“Recidivism” is a basic concept in criminal justice, referring to an individual’s relapse into illegal activities, typically after the person has already been convicted and punished. The word can also apply to corporations — especially banks that were culpable for the global financial meltdown that precipitated the Great Recession of 2008-2009.
One bank that has received a lot of negative press for its role in issuing billions in bad sub-prime mortgage loans is Bank of America Corp. (BAC), the nation’s second-largest bank holding company by assets.
BAC stock has fallen about 6% over the last 12 months, despite a record bull market and a financial sector that’s returning to health. BofA’s prospects for 2015 remain mixed at best, suggesting that equity investors can find better places to put their money.
Litigation Woes for BAC Stock
Last year, BofA reached a $16.6 billion settlement with the U.S. Justice Department over charges that it conned unwitting investors into purchasing deeply flawed residential mortgage-backed securities. As part of that settlement, the U.S. Securities and Exchange Commission closed its case of securities fraud against the bank.
Also last year, BofA agreed to $9.5 billion in fines to settle civil lawsuits filed by the Federal Housing Finance Agency on behalf of the Federal National Mortgage Association, or Fannie Mae and the Federal Home Loan Mortgage Corporation, or Freddie Mac, which argued that Bank of America had lied about the quality of $57.5 billion worth of residential mortgage-backed securities.
BofA paid $6.3 billion to Fannie and Freddie; the bank also agreed to buy back $3.2 billion of mortgage securities. For full year 2014, Bank of America paid $16.4 billion in litigation expenses, compared with $6.1 billion in 2013.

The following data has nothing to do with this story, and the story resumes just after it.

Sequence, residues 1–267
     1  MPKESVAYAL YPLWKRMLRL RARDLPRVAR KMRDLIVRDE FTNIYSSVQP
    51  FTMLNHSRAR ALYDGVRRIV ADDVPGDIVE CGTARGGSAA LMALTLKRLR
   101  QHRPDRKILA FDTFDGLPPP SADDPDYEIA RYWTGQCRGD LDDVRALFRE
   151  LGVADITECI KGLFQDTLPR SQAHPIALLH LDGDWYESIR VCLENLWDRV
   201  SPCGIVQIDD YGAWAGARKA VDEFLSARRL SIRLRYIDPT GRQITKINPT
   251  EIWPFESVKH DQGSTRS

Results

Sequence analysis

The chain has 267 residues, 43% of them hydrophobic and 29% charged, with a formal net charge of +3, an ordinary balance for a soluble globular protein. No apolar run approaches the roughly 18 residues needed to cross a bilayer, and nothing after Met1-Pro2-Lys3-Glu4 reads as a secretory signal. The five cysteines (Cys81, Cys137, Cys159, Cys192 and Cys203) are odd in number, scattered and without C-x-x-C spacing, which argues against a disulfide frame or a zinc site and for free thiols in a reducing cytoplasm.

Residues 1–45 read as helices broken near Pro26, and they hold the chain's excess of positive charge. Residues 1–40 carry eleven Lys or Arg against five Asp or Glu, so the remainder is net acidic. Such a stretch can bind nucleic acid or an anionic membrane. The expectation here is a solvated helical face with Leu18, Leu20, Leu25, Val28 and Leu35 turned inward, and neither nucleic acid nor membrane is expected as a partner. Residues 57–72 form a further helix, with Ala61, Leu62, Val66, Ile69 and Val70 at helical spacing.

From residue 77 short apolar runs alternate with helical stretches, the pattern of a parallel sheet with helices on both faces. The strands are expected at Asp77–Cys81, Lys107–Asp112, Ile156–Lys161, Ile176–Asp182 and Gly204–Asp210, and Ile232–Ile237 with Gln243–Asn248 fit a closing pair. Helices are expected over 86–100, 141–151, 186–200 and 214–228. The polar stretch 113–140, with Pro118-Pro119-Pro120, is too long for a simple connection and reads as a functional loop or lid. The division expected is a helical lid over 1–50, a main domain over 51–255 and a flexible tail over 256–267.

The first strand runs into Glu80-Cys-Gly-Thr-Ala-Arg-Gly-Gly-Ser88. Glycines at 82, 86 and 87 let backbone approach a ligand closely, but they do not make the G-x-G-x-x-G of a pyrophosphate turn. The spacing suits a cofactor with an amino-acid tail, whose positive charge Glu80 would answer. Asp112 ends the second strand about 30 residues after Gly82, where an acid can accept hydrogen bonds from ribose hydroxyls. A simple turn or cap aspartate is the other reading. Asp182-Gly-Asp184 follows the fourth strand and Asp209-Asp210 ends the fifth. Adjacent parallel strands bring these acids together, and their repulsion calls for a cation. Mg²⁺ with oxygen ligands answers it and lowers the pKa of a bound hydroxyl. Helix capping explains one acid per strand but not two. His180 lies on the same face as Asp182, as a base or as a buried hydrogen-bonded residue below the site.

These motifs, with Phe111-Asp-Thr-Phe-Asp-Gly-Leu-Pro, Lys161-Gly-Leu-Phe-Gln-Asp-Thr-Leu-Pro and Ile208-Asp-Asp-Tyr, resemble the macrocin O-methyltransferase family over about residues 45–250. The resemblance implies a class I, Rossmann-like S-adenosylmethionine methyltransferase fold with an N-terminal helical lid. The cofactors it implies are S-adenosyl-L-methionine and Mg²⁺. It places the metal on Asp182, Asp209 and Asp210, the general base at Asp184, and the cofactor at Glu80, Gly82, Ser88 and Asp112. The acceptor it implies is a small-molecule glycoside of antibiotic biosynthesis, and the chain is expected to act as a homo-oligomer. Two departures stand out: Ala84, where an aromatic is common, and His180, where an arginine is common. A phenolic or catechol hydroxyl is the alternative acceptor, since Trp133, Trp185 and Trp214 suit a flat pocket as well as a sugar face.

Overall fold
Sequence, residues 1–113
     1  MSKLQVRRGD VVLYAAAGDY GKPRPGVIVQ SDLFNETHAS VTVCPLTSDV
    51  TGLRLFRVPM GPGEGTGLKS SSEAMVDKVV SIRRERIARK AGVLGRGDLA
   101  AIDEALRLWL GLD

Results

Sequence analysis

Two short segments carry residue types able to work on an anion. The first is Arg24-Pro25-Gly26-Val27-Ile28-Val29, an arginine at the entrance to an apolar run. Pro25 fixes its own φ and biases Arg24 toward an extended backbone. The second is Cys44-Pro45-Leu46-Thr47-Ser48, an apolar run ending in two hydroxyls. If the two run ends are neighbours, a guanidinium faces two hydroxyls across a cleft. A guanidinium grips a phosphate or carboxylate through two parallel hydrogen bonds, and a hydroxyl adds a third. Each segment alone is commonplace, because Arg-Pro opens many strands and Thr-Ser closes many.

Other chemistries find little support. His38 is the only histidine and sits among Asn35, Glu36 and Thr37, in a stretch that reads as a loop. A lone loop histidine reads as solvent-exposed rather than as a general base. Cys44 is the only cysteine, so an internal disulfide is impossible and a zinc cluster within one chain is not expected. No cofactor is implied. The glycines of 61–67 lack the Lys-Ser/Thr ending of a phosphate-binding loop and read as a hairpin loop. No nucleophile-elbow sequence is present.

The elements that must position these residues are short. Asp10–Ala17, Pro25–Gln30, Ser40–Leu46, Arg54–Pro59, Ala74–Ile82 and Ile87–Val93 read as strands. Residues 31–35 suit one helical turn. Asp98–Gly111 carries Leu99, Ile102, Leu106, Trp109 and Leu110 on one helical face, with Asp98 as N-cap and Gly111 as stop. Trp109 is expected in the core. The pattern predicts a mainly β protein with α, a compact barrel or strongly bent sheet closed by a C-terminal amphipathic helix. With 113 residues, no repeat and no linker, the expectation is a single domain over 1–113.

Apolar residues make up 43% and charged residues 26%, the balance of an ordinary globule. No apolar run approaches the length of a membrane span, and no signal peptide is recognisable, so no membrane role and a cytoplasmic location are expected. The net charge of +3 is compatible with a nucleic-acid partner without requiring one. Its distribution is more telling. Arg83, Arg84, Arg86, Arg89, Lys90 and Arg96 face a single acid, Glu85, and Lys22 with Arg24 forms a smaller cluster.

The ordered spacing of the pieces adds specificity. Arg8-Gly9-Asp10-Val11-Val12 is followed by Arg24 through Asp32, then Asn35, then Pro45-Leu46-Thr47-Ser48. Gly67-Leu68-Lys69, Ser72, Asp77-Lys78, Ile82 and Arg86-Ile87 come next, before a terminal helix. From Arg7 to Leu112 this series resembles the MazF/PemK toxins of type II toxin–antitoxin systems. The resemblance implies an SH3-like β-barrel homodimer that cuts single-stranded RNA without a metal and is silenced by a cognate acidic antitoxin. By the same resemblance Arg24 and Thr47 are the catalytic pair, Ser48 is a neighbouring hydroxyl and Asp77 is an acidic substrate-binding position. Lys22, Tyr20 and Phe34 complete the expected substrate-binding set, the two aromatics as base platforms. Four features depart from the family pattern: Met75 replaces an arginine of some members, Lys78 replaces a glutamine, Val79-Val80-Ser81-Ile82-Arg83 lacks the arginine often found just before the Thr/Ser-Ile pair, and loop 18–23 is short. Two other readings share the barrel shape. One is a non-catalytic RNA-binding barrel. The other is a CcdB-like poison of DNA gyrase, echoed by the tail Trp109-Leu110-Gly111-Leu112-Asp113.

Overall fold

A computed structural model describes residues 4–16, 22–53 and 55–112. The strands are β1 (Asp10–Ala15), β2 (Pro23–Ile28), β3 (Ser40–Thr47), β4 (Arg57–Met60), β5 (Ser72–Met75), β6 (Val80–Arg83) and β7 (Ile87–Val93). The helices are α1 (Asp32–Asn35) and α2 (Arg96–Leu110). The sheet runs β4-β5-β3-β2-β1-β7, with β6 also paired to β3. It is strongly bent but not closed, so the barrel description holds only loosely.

Now, as the banking sector revives and puts the trauma of the financial crisis in the rearview mirror, the question is: has BofA learned its lesson and will it move forward in a more prudent manner?
BAC Stock Earnings Disappoint
Before we get to that question, let’s look at BofA’s earnings report today. Bank of America reported fourth quarter 2014 earnings of $3.1 billion, or earnings per share (EPS) of 25 cents, compared to $3.4 billion, or EPS of 29 cents in the same period a year ago.
Revenue came in at $19 billion, compared to $21.7 billion in the same year-ago period. Both earnings and revenue missed analysts’ expectations. Weighing on operating performance in the fourth quarter was a sharp year-over-year decline of 21% in bond trading, to $1.5 billion.
For the full year, earnings were $4.8 billion, or EPS of 36 cents, compared to $11.4 billion, or EPS of 90 cents. Full year revenue was $85.1 billion, compared to $89.8 billion in 2013.
Management did not issue guidance. The Wall Street consensus is for first quarter EPS of 32 cents on revenue of $22.4 billion. The full-year consensus is EPS of $1.47 on revenue of $88.5 billion.
Skepticism of BAC Stock is Warranted
The bank argues that fines and litigation expenses are largely behind it, which removes a major headwind from revenue and earnings. But considerable uncertainty hovers over BAC stock.
Competitors such as Wells Fargo & Co. (WFC) are more diversified than BofA, with a greater emphasis on high-margin wealth management, low-cost loans and smaller businesses that are growing amid the economic recovery. As I pointed out in my InvestorPlace article yesterday, Wells Fargo’s prudent management is now holding the bank in good stead and it faces stellar growth prospects in 2015.
BofA claims that it is moving away from the wheeling-and-dealing of the past and forsaking big merger deals and complex trading to focus on higher quality loans and risk control. But the fact is, whether BofA proves recidivist or not, it still has a way to go before it completely shakes off a legacy that has made it one of the most hated companies in America. Potential regulatory sanctions and class action lawsuits continue to lurk in the wings.
Meanwhile, if you want to leverage the improving health of the financial sector, other banks show better growth prospects than BAC stock. This wounded banking giant is still on the mend.
As of this writing, John Persinos did not hold a position in any of the aforementioned securities.
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